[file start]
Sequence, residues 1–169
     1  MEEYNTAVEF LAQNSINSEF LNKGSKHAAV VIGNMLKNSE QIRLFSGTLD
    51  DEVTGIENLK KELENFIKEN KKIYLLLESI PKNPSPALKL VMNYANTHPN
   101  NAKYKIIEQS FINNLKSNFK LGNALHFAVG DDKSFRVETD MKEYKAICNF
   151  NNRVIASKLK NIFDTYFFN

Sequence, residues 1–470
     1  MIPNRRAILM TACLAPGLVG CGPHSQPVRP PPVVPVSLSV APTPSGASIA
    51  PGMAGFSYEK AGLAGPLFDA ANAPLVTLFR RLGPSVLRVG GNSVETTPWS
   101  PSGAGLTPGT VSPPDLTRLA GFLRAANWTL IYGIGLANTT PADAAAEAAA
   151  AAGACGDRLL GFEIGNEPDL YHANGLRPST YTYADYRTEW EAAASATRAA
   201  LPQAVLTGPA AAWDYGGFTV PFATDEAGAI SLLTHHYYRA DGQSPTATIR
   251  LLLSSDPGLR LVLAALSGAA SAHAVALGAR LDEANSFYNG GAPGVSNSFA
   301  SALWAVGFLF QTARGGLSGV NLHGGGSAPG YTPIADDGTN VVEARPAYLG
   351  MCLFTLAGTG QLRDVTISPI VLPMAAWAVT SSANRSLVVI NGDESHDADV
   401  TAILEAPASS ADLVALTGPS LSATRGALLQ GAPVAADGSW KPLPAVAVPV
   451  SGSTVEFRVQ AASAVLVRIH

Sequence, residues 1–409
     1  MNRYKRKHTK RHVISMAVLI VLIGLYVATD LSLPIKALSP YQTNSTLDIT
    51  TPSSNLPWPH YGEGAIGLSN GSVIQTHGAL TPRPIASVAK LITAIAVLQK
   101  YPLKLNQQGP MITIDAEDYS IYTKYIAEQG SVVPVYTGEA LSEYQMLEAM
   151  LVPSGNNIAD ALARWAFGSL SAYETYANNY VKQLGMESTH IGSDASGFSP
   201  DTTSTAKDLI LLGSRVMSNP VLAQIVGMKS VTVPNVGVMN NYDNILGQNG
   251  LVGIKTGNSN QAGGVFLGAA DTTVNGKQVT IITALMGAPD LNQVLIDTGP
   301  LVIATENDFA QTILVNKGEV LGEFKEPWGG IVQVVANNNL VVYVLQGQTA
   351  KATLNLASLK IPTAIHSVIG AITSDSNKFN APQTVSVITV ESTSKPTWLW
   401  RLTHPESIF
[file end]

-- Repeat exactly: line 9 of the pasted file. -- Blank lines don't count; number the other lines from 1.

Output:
   101  PSGAGLTPGT VSPPDLTRLA GFLRAANWTL IYGIGLANTT PADAAAEAAA